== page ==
A recent case is illustrative of the need for will makers taking care in naming the executor of there estate in order to avoid conflict and unnecessary delays and expense.
Robyn Wise died in April 2011 aged 60. Her son Shane Wise, one of her co-executors was granted probate in March 2013, of Robyn’s Will made in September 1998. Stephen Barry was living in a de facto relationship with Robyn at the time of her death and also a co-executor of her estate. Robyn’s Will left half the value of her home to her de facto spouse and the other half to her sons.
Robyn and Stephen had lived together as a couple for about 15 years since about 1996 until her death; in a home unit which was owned by Robyn estimated at $245,000 at her death, it was the major asset of the estate.
Stephen continued to reside at the property. He married in 2016 and his new wife and her children subsequently moved into the house and continued to live there.
The property remained registered in Robyn’s name and could not be sold or otherwise dealt with without both Stephen and Shane reaching an agreement. Protracted negotiations between them as to the sale of the coastal property or its purchase by the de facto spouse had failed.
Shane commenced proceedings in November 2017 seeking an order that Stephen be removed as co-executor claiming Stephen had prevented Robyn’s estate from being finalised; and sought an order that Stephen vacate the property in order that it be sold. Shane argued that by in continuing to reside in the property without an entitlement Stephen had wrongfully interfered with the estate’s property rights.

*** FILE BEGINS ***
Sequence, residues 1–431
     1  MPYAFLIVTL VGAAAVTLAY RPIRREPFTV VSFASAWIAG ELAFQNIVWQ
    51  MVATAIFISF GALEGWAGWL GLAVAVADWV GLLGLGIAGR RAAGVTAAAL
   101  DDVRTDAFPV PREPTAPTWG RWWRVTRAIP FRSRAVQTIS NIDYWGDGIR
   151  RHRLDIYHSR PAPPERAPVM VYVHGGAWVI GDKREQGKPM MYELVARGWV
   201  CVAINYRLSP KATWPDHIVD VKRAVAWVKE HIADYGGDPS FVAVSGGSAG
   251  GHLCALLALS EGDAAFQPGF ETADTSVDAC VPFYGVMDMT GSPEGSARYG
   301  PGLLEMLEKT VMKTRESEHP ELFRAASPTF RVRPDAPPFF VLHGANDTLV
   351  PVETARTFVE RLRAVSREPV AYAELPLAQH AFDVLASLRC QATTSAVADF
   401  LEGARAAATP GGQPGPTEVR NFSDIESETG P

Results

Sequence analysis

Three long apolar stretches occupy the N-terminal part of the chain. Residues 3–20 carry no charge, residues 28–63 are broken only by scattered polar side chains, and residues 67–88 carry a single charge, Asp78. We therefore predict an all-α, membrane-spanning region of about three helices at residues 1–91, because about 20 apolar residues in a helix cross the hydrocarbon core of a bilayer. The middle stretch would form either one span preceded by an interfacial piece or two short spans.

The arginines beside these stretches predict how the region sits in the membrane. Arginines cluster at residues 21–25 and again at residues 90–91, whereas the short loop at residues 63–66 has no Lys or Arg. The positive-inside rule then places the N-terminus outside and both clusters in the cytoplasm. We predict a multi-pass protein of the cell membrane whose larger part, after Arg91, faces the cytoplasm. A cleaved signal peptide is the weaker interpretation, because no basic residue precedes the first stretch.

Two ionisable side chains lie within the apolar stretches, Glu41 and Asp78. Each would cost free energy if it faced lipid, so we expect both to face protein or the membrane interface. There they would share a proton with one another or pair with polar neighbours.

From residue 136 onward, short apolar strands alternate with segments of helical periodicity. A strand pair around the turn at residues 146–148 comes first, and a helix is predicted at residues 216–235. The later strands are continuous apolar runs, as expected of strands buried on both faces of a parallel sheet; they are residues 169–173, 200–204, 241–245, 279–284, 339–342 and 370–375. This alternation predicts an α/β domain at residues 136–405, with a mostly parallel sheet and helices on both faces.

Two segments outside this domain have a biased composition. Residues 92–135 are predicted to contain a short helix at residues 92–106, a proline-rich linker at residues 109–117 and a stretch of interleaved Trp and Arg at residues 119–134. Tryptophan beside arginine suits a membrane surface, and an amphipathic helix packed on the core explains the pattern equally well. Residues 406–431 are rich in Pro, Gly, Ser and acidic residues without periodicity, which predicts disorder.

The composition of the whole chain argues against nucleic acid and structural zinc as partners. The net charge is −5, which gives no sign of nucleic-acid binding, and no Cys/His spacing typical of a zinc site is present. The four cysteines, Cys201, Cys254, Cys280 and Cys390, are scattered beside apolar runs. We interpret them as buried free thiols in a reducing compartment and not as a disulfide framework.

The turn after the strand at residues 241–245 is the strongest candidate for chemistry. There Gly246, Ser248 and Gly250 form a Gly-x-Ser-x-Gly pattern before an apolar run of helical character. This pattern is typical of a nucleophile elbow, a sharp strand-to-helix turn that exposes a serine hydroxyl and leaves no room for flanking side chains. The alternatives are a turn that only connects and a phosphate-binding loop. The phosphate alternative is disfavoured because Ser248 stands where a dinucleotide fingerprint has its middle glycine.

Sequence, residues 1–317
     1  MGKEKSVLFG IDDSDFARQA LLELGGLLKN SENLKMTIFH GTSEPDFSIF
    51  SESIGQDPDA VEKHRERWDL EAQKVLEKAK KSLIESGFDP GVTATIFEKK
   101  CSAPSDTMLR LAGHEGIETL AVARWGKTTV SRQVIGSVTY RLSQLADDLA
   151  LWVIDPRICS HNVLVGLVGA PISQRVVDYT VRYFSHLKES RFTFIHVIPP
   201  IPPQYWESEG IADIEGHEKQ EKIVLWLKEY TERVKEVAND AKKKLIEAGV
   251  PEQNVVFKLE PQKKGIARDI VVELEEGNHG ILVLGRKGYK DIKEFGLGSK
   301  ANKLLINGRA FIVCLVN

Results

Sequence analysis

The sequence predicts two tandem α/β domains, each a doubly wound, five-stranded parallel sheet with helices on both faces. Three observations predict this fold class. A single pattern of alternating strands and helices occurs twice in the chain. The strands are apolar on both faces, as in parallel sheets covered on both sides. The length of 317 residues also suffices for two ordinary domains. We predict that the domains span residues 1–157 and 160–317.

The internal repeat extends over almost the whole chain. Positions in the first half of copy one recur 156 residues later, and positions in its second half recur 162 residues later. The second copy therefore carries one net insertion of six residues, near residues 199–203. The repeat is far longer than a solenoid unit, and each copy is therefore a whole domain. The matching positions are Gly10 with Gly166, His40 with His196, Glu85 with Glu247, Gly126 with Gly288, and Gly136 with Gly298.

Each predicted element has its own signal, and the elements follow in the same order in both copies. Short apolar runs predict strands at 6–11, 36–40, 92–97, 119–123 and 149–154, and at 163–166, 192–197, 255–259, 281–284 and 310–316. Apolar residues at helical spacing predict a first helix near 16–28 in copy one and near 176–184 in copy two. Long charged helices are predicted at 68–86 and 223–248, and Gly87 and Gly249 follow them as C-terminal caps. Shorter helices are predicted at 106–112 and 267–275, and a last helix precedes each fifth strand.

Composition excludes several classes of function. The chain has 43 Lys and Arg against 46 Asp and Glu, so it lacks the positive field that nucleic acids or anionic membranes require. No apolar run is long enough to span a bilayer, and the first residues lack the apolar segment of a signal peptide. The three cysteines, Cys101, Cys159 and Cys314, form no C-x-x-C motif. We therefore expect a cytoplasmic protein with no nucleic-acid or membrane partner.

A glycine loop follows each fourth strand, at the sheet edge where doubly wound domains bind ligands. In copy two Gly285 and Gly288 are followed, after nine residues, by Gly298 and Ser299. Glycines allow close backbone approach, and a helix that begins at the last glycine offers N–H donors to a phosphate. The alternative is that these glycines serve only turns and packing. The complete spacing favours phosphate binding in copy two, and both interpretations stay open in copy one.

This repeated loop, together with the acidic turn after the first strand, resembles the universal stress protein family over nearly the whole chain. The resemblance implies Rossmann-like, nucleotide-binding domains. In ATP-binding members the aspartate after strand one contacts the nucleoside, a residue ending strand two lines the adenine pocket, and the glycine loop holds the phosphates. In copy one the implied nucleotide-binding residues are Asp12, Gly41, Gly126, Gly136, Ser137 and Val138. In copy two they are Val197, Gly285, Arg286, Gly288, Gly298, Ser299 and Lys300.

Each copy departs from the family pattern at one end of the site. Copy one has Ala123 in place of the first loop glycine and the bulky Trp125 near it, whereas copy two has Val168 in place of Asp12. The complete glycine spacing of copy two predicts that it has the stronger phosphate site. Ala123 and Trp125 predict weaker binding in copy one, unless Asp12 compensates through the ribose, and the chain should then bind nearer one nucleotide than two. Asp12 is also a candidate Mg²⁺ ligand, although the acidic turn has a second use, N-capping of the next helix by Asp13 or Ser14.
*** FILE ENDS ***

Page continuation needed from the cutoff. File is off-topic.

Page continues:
Stephen filed a cross-claim in the court contesting the will, seeking a family provision order that as Robyn’s defacto partner he should receive the whole of the coastal property because it had become his home over the years.
The court accepted that the due and proper administration of Robyn’s estate had been prevented by Stephen’s actions. As executor, Stephen was obliged to consider the interests of all the beneficiaries and just his own interests.
Importantly the court considered that as the proceedings were commenced and Shane and Stephen were unable to resolve the matter, there was no realistic expectation they would work together to finalise the estate.
In NSW unless the affected parties consent or otherwise without sufficient cause being shown for the delay a family provision claim must be commenced within 12 months after a deceased person’s death.
The court considered that as Stephen made the claim almost seven years after Robyn died and had sought legal advice from a number of solicitors during that period did not show sufficient cause. Similarly, the other beneficiaries would suffer prejudice if the court allowed the claim and the court believed that Stephen’s claim was not likely to succeed.
Although Stephen’s financial circumstances were not as strong as the other beneficiaries the court believed that as he had remained in occupation at the property, rent free, for approximately seven years, it was not satisfied that he was not adequately and properly provided for by Robyn’s will.